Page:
Prostitution in Southern Sudan is on the rise. Juba, the capital city of the semi-autonomous region and a territory belonging to the indigenous Bari tribe is hit by sexual workers, most of whom have been flowing into Juba from the neighboring countries of East Africa such as Congo, Uganda, Kenya, Ethiopia and Tanzania.
These sexual trade workers are mostly foreigners while others are Southern Sudanese girls and ladies as well as northern Sudanese ladies who decided to move to the South and access sexual freedom away from the Islamic law prohibiting sex in the north.
Such Sudanese girls who involve in commercial sexual intercourse are those girls who have adopted East African cultures and Arab girls who escaped Islamic law in Khartoum and flew to stay in Juba leaving behind their families.
Sudan Tribune had conducted interviews with some of such prostitutes who told about their sexual life in Southern Sudan, which they said was centered on making money rather than love.
"I was just a school girl in Kampala at Kampala International University (KIU) but unfortunately I got pregnant. I was deceived by my classmate and after he knew that I was pregnant, the guy disowned me immediately and my parents dismissed me from family house.
I have nowhere to go then I decided to go to Sudan. As I just reached to Aru [Ugandan town close to Sudan border], I got a tall Sudanese man who loved me at a lodge and I started to have sex with him that night.
On my way to Juba, he told the migration office that this is my wife and I was allowed to enter into Sudan through his approach to Sudanese migration authority," the Ugandan lady narrated.
“There is no love – only money can make you everything you dream to get in Juba. Only relatives working in government would get you everything you would like to achieve in the Government of Southern Sudan (GoSS) system."
"Few of my friends are working in government offices as employees as well as few of them are private secretaries," she revealed.
"I was a married woman in Ethiopia but this Sudanese man influenced me to leave my husband."
He always told me that he was not married and he was also a big man in Government of Southern Sudan.
He told me to visit Sudan.
Ms. Fruiti Magabsi, from Ethiopia, said the proximity of her country made it easier to travel to Sudan. "I came to Juba in 2009. I managed to arrive Sudan through my friend who was a South Sudanese soldier who [previously] got trained in Ethiopia.
"The guy had a lot of money in his wallet and all the money were Dollars with Euros. I decided to leave my two children and joined this man in hotel and I followed him to [southern] Sudan through his instructions using Kenya road by land while he traveled by air leaving me behind."
"Since I arrived to Juba, I did not see him and his contact numbers which he gave me were all fake. I wondered what to do; I started to sell myself to men in lower price for me to sustain life.
I sold myself to sleep with man with 50 Sudanese pounds.
I managed to get two thousand Sudanese pounds in one week. I do use condom when I go for [sexual] intercourse with men because I see them so much thin. Many of men always rejected to sleep with me using condom during sexual intercourse. I told them to use condoms but they rejected my advice, they demanded [preferred] to pay a lot of money to have [non-condom] sex with me," she said.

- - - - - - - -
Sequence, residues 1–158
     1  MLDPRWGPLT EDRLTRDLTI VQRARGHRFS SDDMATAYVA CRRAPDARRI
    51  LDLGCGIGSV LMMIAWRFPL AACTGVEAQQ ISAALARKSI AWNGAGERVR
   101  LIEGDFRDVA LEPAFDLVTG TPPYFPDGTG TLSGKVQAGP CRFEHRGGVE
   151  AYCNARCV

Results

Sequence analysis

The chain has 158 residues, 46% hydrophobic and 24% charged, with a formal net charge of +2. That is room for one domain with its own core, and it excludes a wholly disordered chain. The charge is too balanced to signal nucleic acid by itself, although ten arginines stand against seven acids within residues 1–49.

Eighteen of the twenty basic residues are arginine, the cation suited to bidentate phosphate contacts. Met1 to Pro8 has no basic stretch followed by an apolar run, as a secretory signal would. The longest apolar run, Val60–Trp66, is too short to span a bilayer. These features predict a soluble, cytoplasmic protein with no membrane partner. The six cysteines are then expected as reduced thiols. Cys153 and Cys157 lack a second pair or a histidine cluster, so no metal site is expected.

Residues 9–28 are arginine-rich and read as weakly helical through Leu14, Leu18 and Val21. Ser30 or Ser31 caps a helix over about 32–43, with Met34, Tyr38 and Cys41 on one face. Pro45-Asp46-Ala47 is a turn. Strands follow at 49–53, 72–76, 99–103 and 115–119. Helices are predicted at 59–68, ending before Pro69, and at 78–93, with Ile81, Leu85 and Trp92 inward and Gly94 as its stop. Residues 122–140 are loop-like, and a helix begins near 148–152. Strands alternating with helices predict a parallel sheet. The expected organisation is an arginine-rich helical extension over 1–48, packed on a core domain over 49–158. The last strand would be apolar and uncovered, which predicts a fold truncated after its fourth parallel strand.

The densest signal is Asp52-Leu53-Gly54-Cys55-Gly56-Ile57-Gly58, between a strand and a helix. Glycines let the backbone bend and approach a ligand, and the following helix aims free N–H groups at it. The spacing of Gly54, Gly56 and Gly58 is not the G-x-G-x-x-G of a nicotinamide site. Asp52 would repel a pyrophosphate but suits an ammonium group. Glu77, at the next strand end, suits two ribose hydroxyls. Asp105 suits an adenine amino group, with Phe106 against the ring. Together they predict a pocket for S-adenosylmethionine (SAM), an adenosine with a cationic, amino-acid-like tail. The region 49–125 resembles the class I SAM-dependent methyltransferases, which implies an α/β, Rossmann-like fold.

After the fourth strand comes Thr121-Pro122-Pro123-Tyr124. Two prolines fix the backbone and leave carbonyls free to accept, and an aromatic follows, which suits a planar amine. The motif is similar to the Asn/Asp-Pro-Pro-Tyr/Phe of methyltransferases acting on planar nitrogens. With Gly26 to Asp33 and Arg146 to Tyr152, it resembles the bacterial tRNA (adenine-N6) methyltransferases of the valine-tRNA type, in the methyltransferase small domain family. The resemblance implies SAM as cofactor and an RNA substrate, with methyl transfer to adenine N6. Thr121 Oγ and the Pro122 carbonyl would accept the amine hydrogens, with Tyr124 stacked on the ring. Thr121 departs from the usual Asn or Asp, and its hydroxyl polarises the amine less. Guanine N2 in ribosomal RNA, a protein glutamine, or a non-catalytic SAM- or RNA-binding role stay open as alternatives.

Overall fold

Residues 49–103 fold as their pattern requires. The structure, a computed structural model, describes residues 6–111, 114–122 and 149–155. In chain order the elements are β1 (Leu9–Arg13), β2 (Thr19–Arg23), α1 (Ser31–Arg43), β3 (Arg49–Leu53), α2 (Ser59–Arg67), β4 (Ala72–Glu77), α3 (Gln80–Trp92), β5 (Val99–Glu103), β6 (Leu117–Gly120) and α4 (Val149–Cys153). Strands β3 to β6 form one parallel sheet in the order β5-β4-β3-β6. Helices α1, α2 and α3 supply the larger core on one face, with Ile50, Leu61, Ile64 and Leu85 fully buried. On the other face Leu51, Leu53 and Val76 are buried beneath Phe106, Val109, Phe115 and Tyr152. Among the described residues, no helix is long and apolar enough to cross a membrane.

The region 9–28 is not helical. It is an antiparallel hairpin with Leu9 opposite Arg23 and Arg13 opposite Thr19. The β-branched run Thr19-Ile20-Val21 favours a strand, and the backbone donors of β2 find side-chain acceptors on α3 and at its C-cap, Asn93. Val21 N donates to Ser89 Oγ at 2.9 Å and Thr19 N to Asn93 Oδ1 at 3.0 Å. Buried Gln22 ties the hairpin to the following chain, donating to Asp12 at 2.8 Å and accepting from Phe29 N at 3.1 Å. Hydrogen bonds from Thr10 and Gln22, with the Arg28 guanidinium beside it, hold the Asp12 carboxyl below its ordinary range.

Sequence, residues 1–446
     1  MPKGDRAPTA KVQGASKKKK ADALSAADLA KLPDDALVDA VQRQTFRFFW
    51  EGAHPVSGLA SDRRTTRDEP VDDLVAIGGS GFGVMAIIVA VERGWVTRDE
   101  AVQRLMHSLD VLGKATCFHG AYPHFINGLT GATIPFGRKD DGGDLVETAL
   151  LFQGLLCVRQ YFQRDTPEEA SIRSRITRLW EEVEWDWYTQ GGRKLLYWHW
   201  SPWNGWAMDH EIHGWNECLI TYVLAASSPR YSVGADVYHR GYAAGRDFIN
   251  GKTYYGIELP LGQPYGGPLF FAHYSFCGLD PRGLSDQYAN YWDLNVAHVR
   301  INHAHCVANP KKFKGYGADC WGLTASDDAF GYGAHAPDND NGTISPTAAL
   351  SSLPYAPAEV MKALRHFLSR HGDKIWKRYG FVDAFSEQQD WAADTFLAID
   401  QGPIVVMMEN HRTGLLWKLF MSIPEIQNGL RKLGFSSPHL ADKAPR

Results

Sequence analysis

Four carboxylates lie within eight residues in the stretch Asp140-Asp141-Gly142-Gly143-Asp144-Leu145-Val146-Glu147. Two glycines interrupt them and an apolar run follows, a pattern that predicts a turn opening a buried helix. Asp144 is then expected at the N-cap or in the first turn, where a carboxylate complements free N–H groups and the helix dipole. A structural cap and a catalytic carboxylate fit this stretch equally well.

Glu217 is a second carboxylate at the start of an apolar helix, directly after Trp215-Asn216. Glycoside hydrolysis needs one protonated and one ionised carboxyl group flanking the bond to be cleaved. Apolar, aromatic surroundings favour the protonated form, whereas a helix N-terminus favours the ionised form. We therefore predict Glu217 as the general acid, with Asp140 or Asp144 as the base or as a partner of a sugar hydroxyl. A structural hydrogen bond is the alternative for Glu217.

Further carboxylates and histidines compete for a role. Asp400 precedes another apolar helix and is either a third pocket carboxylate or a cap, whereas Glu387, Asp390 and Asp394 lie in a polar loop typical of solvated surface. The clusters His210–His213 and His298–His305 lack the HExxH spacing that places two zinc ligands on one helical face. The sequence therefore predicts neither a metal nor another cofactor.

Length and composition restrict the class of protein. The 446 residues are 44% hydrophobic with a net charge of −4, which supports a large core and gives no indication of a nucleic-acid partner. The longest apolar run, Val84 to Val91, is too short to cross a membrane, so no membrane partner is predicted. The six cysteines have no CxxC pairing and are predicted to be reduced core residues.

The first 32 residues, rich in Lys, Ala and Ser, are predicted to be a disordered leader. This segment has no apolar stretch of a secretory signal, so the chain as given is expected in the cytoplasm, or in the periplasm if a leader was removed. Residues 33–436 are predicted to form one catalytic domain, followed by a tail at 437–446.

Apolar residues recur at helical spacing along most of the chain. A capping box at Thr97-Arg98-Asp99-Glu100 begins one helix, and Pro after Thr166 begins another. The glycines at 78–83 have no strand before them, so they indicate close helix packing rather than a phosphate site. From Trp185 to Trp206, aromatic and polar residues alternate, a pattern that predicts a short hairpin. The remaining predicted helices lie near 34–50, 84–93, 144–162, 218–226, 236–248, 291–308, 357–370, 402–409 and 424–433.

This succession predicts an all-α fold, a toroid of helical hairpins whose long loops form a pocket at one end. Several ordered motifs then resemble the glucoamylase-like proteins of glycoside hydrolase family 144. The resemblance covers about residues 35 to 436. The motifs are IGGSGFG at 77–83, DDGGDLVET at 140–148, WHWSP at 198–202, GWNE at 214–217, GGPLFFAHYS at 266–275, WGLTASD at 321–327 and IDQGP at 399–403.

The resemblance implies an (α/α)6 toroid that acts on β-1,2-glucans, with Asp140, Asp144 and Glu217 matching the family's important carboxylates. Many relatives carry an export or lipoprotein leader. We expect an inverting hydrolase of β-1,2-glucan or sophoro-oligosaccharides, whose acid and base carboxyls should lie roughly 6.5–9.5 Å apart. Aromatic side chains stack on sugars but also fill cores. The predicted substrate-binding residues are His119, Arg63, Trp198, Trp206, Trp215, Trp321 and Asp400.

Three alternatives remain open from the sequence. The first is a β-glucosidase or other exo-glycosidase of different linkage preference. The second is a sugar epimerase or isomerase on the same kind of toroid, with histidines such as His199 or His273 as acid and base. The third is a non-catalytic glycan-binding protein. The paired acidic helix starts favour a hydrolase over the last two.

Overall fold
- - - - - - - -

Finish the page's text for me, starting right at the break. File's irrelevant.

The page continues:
There is no love in Juba, only money can prove [buy] everything," she said.
Walking to Custom [Market], the former market in Juba which is located at Western part of Juba town, a Tanzanian woman, Ms. Jenifer said that Juba is bridged to make wealth through sexual trade.
Jenifer affirmed that “there is high chance in commercial love to build houses and to have more cars free of charge from Sudanese officials here in Juba. They love sexual intercourse and they can pay what you demand them to pay before you go to have sex with him."
"I divorced my husband in my country because our life was so bad. I decided to come to Sudan to make money and not to have love with one man in the Sudan.
I am not ready to have a child with any Sudanese man at the moment but when I see time is near for me to return home, I will own one tall man to have a child with him and I will escape to my country while pregnant," she said.
Ms. Entisar, said that "I left Khartoum when Lubna Hussein was harassed by Khartoum public police in trousers dress case."
She complained that life in Khartoum as a girl is bad. "You are denied by parents not to go out with your friends. You can love somebody in your heart but difficult to express yourself and for me I believe this is an insult to God. There is body need and you are denied to do it – this is injustice," she said.
"I do stay here in Juba and I am happy the way I am treated by Southern boys. There is no harassment. I do go to Custom Market at night to have sex with men in price of 20 Sudanese Pounds. I do have sex so that I can pay house rent and sometimes I travel back to Khartoum," she explained.
Southern Sudan is experiencing rising sex trade where you can find sex workers in towns including Wau, Rumbek, Juba and Aweil. The Government of Southern Sudan has overlooked the issue of sex workers while community leaders are complaining that cultures are changing since sexual workers introduced commercial sexual intercourse in the country.
Southern Sudan is governed by cultures and they believe in their respective traditions but since the signing of Sudan’s Comprehensive Peace Agreement (CPA), Southern Sudan got swallowed with foreign cultures imported by Sudanese children who were brought up in Western life.
Health authorities in the region have warned of serious threat posed by the killer disease, HIV/AIDS, which is feared to have been infecting people at an alarming rate, particularly in the states bordering Kenya and Uganda.
Photo (rt): Manyang Mayom
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